Big Four’s Big Bite

“Just when you thought it was safe to go back in the water …” Thirty years ago, that was the tagline for Jaws 2, the 1978 second instalment to the iconic shark movie, Jaws, that three years earlier kept many movie goers from daring to dip a toe in the water never mind venture out for a swim. The odds of being killed by a shark are 1 in 3,748,067. Furthermore, according to the Florida Museum of Natural History, you’re more likely to be killed by fireworks (1 in 340,733), lightning (1 in 79,746), drowning (1 in 1,134), a car accident (1 in 84), stroke (1 in 24), or heart disease (1 in 5).

However, if you’re a law firm, the odds of being badly bitten by one or more of the Big Four professional services firms are chillingly high.

Altman Weil’s 2018 Law Firms in Transition Survey reports that 46.4 per cent of firms surveyed see the Big Four as a potential threat while 9.3 per cent of firms are losing work to them now. For firms with more than 250 lawyers, the numbers are more frightening: 65.6 per cent consider the Big Four a threat and 11.5 per cent are losing work to them now. Much of the danger is that the Big Four carefully target their ideal clients, move in with stealth and swiftness, and capture is usually silent.

Eyewitness Account

I cut my legal teeth in the late 1990s working with Ernst & Young LLP in Canada where, for a time, my highest-profile and, frankly, most interesting internal client was Donahue LLP, an audacious enterprise set up in 1997 as Canada’s only multidisciplinary (MDP) law firm.

While landing into Donahue as its sole marketing advisor was like parachuting onto the Titanic—iceberg and all—it was a spectacular, privileged and unique experience. And became, in an odd twist of fate, the genesis for my legal consulting practice.

Donahue was a fascinating operation especially from the inside when EY was the only Big Five firm—before Arthur Andersen LLP’s demise in 2002—to have an embedded MDP law firm. At its highest tide, Donahue ran as a full-service business law firm with 130 lawyers located in Toronto, Montréal and Calgary with many considered big-name talent.

The firm offered legal services that included all aspects of corporate/commercial, along with financial services, mergers and acquisitions, employment and labour, wills and estates, health and workplace safety, energy, real estate, environmental law, intellectual property, and business immigration. You name it; Donahue had it. Constant change was the name of the game in many respects, and that included its name that morphed from Donahue & Partners to Donahue Ernst & Young LLP and finally, Donahue LLP all in the space of six short years.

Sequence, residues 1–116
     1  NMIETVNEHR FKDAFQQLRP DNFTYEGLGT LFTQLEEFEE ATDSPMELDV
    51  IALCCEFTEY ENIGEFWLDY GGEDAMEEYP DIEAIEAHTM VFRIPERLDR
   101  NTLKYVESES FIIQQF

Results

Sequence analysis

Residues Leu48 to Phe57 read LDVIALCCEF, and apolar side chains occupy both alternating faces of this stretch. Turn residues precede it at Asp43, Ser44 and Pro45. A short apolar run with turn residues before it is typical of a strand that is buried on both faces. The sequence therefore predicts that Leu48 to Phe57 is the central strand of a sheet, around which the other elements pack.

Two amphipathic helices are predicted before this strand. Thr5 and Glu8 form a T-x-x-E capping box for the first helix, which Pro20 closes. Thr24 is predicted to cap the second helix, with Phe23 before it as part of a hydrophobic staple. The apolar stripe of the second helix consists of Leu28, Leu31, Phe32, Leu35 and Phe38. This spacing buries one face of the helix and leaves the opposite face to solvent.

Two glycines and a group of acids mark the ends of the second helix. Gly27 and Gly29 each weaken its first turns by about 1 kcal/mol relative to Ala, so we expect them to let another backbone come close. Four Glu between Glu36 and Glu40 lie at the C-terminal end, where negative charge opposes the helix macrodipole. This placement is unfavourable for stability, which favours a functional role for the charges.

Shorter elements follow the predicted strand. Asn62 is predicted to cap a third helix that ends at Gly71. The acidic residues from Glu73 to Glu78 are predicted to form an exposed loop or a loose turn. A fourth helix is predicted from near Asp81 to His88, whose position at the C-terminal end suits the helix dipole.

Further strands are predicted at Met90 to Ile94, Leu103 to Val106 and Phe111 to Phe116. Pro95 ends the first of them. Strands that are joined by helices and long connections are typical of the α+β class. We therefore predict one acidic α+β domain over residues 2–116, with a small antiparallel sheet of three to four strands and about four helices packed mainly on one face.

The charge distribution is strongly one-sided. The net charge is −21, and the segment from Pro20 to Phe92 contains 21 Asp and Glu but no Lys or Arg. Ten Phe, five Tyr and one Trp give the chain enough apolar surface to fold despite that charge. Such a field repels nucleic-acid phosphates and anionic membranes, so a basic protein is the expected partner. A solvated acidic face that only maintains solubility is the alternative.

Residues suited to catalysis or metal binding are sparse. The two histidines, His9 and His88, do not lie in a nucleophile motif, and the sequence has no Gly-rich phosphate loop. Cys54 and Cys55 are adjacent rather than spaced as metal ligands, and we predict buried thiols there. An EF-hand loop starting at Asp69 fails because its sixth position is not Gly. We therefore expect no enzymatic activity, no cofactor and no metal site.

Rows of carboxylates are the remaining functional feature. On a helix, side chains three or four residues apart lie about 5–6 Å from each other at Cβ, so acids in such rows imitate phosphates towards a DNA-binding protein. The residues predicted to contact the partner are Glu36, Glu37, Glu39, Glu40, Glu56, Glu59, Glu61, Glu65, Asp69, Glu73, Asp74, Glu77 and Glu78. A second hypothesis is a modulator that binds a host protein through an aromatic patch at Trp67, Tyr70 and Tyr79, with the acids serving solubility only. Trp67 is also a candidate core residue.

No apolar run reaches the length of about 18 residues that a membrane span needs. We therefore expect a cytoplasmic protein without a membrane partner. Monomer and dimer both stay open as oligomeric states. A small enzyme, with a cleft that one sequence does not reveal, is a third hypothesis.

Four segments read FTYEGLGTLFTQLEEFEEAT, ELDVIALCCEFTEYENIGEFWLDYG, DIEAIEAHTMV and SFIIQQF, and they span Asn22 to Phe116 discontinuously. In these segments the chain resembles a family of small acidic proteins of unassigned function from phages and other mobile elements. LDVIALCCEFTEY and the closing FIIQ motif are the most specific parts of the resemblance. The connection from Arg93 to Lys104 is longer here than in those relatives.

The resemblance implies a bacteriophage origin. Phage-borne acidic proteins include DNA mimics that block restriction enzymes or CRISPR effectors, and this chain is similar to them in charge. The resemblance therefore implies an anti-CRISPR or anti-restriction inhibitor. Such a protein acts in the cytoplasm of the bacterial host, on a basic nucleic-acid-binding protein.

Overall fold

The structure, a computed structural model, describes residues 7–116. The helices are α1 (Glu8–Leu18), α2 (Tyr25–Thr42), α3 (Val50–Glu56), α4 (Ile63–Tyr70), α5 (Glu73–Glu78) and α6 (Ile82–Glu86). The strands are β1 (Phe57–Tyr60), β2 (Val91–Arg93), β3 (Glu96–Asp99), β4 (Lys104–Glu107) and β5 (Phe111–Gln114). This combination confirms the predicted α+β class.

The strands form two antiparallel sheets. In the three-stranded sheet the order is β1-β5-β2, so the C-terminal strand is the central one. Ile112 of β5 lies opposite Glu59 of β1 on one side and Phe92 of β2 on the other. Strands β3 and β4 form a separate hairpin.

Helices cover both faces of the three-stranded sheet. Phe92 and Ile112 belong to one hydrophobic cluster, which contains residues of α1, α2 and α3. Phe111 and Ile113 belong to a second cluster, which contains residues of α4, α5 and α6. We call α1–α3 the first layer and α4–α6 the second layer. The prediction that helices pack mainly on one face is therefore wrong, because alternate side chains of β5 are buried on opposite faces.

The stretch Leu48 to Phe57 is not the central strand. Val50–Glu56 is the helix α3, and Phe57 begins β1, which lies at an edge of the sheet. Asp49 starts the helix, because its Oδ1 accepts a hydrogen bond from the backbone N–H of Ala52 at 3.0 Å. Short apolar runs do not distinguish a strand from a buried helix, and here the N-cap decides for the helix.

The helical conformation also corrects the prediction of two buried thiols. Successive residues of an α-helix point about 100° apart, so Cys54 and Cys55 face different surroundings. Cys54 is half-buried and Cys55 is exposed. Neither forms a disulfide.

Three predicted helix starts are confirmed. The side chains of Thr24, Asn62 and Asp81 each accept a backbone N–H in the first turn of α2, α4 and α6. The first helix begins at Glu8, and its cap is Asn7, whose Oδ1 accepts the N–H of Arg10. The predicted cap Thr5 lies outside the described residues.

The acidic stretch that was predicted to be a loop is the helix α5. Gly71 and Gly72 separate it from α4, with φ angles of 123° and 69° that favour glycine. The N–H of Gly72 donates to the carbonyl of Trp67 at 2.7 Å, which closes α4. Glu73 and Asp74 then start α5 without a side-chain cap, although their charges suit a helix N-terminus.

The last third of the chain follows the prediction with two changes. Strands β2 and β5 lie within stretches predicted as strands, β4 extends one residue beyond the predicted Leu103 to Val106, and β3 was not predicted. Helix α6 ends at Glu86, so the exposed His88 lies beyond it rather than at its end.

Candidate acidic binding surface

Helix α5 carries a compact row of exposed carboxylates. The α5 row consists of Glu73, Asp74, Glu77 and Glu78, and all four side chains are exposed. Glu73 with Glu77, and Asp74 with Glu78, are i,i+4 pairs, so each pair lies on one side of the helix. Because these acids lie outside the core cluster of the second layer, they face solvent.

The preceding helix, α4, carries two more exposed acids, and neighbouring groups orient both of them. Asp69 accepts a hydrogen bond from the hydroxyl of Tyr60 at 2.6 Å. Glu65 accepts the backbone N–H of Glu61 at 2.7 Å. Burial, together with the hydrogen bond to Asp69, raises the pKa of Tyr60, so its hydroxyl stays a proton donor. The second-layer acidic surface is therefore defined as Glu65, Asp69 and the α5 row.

Ultimately, while Donahue continues to exist in other jurisdictions, it wound up Canadian operations in 2003. Still, its creation thanks to capital pumped into it by EY along with brand traits of sheer audacity, top talent, and brashness in how it did business provided a superb learning experience for every member of today’s Big Four who most certainly won’t fail in providing legal services this time.

No Fear, No Failure

That’s because each of the Big Four professional services firms is armed with internationally recognized brands, legions of professionals of numerous descriptions, infrastructure that has been built up for the last 30 years or more, access to significant and sophisticated business tools and systems, and capital resources and financial acumen to run efficiently and effectively.

The Big Four are also equipped with four big advantages that, in many cases, remain elusive to law firms. Law firms wanting to remain competitive will need to step lively to provide counterbalances especially in terms of brand differentiation, industry alignment, price accountability, and sterling client service — each of which must intimately involve every client and their experience with the firm from start to finish.

Big Advantage One: Pricing

Due to their historical accounting acumen, the Big Four are bound to have strong relationships with senior decision-makers on the financial team of a current or prospective client. And when a company’s CFO is calling the shots, pricing of legal services becomes prevalent.